The legislative framework of crowdfunding in the UK might come under scrutiny soon as a parliamentary committee has asked both the Financial Conduct Authority and the Bank of England for their views on crowdfunding and its risks and opportunities.
Andrew Tyrie, chairman of the treasury committee, wrote to Tracey McDermott, the acting chief executive of the FCA, and Andrew Bailey, deputy governor of the Bank of England for prudential regulation asking them to examine “a couple of issues relating to crowdfunding and in detail, set out the [respective regulators] approach to the risks and opportunities afford in the growth of this and related sectors”.
In his letter to the Bank of England, he asked what the PRA’s assessment was of the crowdfunding sector’s resilience to potential shocks. He also enquired in respect of the prudential impact of the financial sector’s increased exposure to unsecured loans through crowdfunding platforms and regarding future developments if the current growth rate persists.
The FCA, on the other hand, was asked to explain where the responsibility lies for ensuring that accurate information is conveyed to potential investor through crowdfunding platforms. The regulator is further asked whether sufficient incentives are placed on crowdfunding platforms to assess the creditworthiness of borrowers and firms seeking investment and what the FCA’s assessment is of consumers’ understanding of the level of risk associated with investments on such platforms. The letter lastly asked what impact to date the growth of crowdfunding made on competition within the financial sector and what the likely impact is should the growth continue.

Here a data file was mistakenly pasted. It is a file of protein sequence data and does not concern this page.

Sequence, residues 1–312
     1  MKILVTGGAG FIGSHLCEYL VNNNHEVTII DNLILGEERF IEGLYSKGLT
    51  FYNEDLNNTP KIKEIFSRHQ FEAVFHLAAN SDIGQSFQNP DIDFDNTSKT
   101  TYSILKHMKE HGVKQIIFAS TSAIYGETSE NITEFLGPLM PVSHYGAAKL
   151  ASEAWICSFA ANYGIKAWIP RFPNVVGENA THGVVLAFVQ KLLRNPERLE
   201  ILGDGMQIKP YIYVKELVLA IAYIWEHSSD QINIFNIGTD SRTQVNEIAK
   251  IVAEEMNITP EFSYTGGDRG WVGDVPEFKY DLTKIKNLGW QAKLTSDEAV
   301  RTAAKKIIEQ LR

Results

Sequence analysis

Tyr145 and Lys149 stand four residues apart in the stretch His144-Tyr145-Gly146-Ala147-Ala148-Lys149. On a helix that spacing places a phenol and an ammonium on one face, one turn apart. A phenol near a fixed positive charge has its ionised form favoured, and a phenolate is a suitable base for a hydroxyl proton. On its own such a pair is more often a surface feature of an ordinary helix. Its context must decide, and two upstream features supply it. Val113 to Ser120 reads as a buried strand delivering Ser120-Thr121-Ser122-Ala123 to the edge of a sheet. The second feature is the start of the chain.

These letters address the raising concerns among lawmakers that consumers and investors are not protected through regulation properly, which is heightened by recent scandals in the industry. Crowdfunding platforms Crowdcube and Seedrs have seen high-profile failures of firms seeking funding or running into financial difficulties, with the platforms being accused of not doing enough to inform or even mislead investors. In the United States, Lending Club, one of the world’s largest online credit marketplaces, has come under severe pressure following investigations of misselling of loans and the sudden departure of its CEO, which has raised questions about the sector’s business model and trustworthiness.
The FCA is responsible for regulating loan-based crowdfunding and investment-based crowdfunding. On its website the regulator points out the inherent risks of these investment opportunities and defining investment-based crowdfunding in particular to be a high-risk investment activity, pointing out that it is very likely that investors will loose all their money.
Despite these stern warnings, it appears that some would rather see a stricter regulatory framework for firms operating crowdfunding platforms, which could raise significantly compliance obligations and the cost of doing business.
Copies of the Treasury Committee’s two letters are available here: